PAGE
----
2. The additional cost to make an americano vs pouring a brewed coffee isn’t the issue, it’s the fact the retailer made a choice to NOT offer brewed decaf coffee in the late afternoon/evenings – a choice to avoid the cost of dumping unsold coffee at the end of the shift (you’ll find some places will make americanos in the last 30minutes rather than brew a fresh pot they’ll never sell)…so IMHO, no, its not about “charging for the products they sell”, it’s about them choosing to limit their waste, in so doing limiting their product offering, and instead upselling the customer who wants decaf.

    As a customer, if a business doesn’t offer what I want & then wants me to pay a premium to get it, I’ll just go to another establishment that offers what I want instead…Starbucks (and Serious Coffee as well) crunched the numbers on saving $ on wasted pots of coffee + keeping the customers…

    1. I would agree and disagree.

      Dave (and for transparency’s sake, we should mention you’re his wife) is noting that the cost is an issue. He didn’t want to spend the additional amount for an Americano. Should he have to to get what he wants? No. Where I do agree is that they should have brewed a decaf. Having their products available until they close is common sense. If they’re trying to cut cost corners, maybe they should take it off the menu entirely if there’s not a demand for it or some other cost cutting measure. If a company sells a product, they do until their doors close or they’ve run out. If not, their menu is a lie.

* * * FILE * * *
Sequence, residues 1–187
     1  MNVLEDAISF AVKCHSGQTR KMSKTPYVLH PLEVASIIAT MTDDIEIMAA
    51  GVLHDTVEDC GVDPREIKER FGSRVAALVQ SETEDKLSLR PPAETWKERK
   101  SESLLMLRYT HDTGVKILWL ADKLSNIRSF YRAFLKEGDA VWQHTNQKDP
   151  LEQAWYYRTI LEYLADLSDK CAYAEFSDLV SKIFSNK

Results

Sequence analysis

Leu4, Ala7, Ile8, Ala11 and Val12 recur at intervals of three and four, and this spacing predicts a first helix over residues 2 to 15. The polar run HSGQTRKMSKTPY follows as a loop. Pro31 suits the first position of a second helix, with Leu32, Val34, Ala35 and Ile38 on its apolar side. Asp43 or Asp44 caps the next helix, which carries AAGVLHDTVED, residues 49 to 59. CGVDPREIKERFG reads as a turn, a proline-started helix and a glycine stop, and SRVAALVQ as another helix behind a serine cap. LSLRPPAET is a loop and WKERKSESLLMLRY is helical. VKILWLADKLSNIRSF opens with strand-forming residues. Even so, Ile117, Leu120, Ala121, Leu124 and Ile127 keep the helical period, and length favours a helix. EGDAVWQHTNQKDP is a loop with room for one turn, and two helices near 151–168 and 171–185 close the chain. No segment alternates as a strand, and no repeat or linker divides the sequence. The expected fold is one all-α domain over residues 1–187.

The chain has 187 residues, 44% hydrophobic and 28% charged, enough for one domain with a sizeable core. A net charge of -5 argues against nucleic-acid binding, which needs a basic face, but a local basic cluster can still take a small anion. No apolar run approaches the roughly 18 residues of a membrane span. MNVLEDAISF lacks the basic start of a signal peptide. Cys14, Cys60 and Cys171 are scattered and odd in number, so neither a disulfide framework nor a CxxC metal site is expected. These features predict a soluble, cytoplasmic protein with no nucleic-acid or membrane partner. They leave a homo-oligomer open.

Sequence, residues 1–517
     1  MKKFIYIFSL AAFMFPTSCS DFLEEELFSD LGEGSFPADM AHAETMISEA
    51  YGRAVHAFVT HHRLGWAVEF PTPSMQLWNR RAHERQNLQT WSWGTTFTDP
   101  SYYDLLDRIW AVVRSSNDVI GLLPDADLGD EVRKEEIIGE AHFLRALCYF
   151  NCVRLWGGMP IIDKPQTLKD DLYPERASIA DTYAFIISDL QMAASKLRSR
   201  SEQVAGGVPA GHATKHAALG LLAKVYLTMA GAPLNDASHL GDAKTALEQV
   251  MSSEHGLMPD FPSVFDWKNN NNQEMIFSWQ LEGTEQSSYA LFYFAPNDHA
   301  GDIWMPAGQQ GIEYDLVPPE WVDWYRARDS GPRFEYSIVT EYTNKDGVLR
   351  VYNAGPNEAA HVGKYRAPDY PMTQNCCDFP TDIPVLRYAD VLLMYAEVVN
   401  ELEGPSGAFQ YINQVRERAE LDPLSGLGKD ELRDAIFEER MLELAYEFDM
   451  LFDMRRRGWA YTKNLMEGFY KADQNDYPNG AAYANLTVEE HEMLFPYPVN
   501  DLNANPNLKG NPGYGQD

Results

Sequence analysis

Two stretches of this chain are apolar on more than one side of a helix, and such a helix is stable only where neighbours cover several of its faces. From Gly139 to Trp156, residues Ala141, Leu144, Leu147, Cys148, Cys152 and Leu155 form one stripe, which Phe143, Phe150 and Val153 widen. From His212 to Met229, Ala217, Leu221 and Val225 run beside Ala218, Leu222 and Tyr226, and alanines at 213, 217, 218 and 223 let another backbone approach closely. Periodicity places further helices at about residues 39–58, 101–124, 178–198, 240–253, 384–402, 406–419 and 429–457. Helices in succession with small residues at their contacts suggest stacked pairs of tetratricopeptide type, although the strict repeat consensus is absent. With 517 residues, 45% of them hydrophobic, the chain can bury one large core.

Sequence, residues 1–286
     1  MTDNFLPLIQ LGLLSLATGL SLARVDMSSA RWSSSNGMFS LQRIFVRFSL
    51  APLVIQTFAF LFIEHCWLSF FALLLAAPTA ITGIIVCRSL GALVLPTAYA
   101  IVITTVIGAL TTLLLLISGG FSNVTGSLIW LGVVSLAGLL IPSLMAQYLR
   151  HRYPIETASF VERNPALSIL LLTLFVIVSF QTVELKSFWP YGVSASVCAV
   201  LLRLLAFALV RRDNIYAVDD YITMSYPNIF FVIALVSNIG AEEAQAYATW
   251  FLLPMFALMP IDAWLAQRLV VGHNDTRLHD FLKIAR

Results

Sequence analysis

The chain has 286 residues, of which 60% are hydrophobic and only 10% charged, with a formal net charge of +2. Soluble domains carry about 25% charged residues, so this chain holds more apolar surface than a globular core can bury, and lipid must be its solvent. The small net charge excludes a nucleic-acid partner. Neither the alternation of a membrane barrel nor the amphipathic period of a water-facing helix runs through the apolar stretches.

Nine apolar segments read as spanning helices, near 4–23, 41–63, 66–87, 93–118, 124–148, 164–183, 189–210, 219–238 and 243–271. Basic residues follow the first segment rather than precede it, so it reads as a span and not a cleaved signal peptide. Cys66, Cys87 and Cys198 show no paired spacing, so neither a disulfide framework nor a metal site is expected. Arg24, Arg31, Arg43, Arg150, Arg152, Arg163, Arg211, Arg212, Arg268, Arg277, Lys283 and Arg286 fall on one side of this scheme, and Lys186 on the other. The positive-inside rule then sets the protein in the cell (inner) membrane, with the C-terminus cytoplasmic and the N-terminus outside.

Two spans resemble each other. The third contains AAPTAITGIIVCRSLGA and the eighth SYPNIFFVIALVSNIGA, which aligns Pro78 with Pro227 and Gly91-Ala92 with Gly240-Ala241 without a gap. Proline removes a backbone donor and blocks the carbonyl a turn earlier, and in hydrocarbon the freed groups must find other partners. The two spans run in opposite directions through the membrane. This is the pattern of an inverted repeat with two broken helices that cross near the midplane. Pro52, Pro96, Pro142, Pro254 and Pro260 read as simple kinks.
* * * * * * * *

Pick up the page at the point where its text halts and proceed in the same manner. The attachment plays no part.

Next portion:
1. Having seven years experience at Starbucks, I can quantify for you that while we had a policy of brewing decaf right up till closing we would routinely throw out $10-$15 a day worth of coffee. Making an Americano does cost more in both labour and bean terms, but making Americanos saves overall, because you don’t have any dumpage. 

        But Starbucks was always very clear that if we had decaf on the menu, we had to offer decaf, whether Americano or some other form, right up till closing. And logic demonstrates that the demand for decaf will continue till closing, however much of a trickle it may be.

        So in this instance, Starbucks saves money and makes a great customer service impression. You’d be a fool not to do the same if you ran a cafe. Chiseling is not attractive.

  3.  Personally, I’ll never get over the time the Moka House practically kicked a dozen of us out for having the gall to have TV coverage of a Tweetup at a normally slowish time of morning.  You can see my post on that at  They don’t want free publicity?  Go figure…